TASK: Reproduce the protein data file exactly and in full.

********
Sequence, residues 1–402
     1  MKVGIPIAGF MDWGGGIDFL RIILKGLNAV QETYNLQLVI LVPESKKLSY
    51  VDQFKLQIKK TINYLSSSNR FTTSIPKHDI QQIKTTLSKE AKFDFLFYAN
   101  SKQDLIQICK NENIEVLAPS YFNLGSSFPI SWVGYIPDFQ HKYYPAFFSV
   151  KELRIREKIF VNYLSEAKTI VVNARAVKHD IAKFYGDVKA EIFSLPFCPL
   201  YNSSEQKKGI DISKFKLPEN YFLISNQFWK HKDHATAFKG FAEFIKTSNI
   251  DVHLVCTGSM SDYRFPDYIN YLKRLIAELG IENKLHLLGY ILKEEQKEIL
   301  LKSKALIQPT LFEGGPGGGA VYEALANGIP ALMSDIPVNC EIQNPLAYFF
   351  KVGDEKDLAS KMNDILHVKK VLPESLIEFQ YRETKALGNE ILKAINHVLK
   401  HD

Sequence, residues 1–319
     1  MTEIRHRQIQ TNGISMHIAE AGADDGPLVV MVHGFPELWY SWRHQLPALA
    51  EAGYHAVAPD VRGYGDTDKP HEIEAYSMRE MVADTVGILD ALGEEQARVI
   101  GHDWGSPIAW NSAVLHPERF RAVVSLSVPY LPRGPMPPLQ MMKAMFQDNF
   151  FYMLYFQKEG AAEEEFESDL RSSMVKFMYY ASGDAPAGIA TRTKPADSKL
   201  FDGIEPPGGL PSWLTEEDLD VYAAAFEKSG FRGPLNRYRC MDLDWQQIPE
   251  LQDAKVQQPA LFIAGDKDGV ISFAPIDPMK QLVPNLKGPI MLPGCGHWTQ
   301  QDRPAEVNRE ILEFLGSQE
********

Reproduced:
Sequence, residues 1–402
     1  MKVGIPIAGF MDWGGGIDFL RIILKGLNAV QETYNLQLVI LVPESKKLSY
    51  VDQFKLQIKK TINYLSSSNR FTTSIPKHDI QQIKTTLSKE AKFDFLFYAN
   101  SKQDLIQICK NENIEVLAPS YFNLGSSFPI SWVGYIPDFQ HKYYPAFFSV
   151  KELRIREKIF VNYLSEAKTI VVNARAVKHD IAKFYGDVKA EIFSLPFCPL
   201  YNSSEQKKGI DISKFKLPEN YFLISNQFWK HKDHATAFKG FAEFIKTSNI
   251  DVHLVCTGSM SDYRFPDYIN YLKRLIAELG IENKLHLLGY ILKEEQKEIL
   301  LKSKALIQPT LFEGGPGGGA VYEALANGIP ALMSDIPVNC EIQNPLAYFF
   351  KVGDEKDLAS KMNDILHVKK VLPESLIEFQ YRETKALGNE ILKAINHVLK
   401  HD

Sequence, residues 1–319
     1  MTEIRHRQIQ TNGISMHIAE AGADDGPLVV MVHGFPELWY SWRHQLPALA
    51  EAGYHAVAPD VRGYGDTDKP HEIEAYSMRE MVADTVGILD ALGEEQARVI
   101  GHDWGSPIAW NSAVLHPERF RAVVSLSVPY LPRGPMPPLQ MMKAMFQDNF
   151  FYMLYFQKEG AAEEEFESDL RSSMVKFMYY ASGDAPAGIA TRTKPADSKL
   201  FDGIEPPGGL PSWLTEEDLD VYAAAFEKSG FRGPLNRYRC MDLDWQQIPE
   251  LQDAKVQQPA LFIAGDKDGV ISFAPIDPMK QLVPNLKGPI MLPGCGHWTQ
   301  QDRPAEVNRE ILEFLGSQE